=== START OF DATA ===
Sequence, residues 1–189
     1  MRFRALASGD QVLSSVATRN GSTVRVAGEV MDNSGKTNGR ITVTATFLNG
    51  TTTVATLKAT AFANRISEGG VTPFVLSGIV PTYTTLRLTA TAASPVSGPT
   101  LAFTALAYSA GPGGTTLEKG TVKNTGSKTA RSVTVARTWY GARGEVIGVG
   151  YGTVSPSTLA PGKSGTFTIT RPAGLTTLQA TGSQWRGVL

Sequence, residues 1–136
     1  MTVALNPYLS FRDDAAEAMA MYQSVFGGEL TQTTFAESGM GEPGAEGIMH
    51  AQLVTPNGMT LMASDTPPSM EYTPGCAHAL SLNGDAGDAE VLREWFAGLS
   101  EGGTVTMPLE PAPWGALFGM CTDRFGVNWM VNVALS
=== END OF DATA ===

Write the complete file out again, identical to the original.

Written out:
Sequence, residues 1–189
     1  MRFRALASGD QVLSSVATRN GSTVRVAGEV MDNSGKTNGR ITVTATFLNG
    51  TTTVATLKAT AFANRISEGG VTPFVLSGIV PTYTTLRLTA TAASPVSGPT
   101  LAFTALAYSA GPGGTTLEKG TVKNTGSKTA RSVTVARTWY GARGEVIGVG
   151  YGTVSPSTLA PGKSGTFTIT RPAGLTTLQA TGSQWRGVL

Sequence, residues 1–136
     1  MTVALNPYLS FRDDAAEAMA MYQSVFGGEL TQTTFAESGM GEPGAEGIMH
    51  AQLVTPNGMT LMASDTPPSM EYTPGCAHAL SLNGDAGDAE VLREWFAGLS
   101  EGGTVTMPLE PAPWGALFGM CTDRFGVNWM VNVALS